This project set out to review the various methods and tools that are used by forest managers and practitioners to estimate visitor, visit and total numbers of visits to woodlands. This builds on existing guidance on visitor monitoring produced by the Forestry Commission.
Research summary (PDF-653K)
The objectives of the work were to:
- Identify the range of methods and tools that have and are being used to estimate and monitor visitor, visit and total visit numbers.
- Outline the advantages and disadvantages of these different methods and tools.
- Provide examples of approaches taken by the Forestry Commission and Forest Research to estimate and monitor numbers
- Provide links for practitioners to useful information and advice.
Reliable estimates of visitor and visit numbers at national and regional levels are needed by policy makers so that they can make a case for investment by highlighting how people use and enjoy woodlands and by showing where potential future investment might be needed. Knowing visitor, visit and total visit numbers is also important for staff operating at a forest management level to consider how best to manage both staff and resources.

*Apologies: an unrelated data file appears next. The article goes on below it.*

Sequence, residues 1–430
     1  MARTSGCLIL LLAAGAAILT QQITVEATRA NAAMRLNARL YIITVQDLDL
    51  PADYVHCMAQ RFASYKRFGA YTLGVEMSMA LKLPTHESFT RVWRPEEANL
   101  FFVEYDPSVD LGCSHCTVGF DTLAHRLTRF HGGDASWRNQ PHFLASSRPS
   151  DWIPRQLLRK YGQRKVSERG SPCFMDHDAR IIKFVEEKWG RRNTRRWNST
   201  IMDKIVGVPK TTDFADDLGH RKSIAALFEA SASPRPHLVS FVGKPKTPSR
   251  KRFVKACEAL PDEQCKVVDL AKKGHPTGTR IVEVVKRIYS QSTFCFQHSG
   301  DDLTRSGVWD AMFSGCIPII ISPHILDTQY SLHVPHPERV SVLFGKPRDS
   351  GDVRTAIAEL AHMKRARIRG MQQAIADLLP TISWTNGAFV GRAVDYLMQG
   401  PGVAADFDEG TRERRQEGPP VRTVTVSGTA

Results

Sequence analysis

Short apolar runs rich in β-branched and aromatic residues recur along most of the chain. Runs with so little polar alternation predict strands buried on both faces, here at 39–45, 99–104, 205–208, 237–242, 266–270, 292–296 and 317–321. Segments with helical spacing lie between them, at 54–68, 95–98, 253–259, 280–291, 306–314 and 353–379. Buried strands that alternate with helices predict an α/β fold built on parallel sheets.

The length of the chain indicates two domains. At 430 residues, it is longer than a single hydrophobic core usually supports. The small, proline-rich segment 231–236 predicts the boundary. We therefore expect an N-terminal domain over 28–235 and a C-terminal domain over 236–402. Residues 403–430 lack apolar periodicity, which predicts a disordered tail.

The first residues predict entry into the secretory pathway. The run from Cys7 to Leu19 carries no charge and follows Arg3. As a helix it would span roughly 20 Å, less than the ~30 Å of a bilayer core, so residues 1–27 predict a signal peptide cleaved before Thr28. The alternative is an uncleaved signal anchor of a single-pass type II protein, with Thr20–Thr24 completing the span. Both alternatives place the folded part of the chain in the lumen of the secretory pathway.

Surveys, observation and counters can be used to estimate visitor, visit and total visit numbers. Surveys can be undertaken at specific woodland sites with site users. They can also be undertaken at a population level, nationally, regionally or within site ‘catchments’ (the area within a given distance of a particular site). Population and catchment surveys will include both people who use woodlands as well as those who do not. As such, they can be important in gaining an understanding of the barriers that may prevent people from accessing woodlands.
There are a range of people and vehicle counters available, such as electronic and mechanical counting devices. Manual counting methods can also be applied by site staff or contractors. Sites that are new, growing or changing may need more frequent scheduling of monitoring than older more stable sites where change is more gradual.
Having clear objectives and knowing how any data that is collected can contribute to national, regional or site strategy targets is particularly important.
Funders and partners
This research was funded by the Forestry Commission Social Research for Forestry in Sustainable Society programme.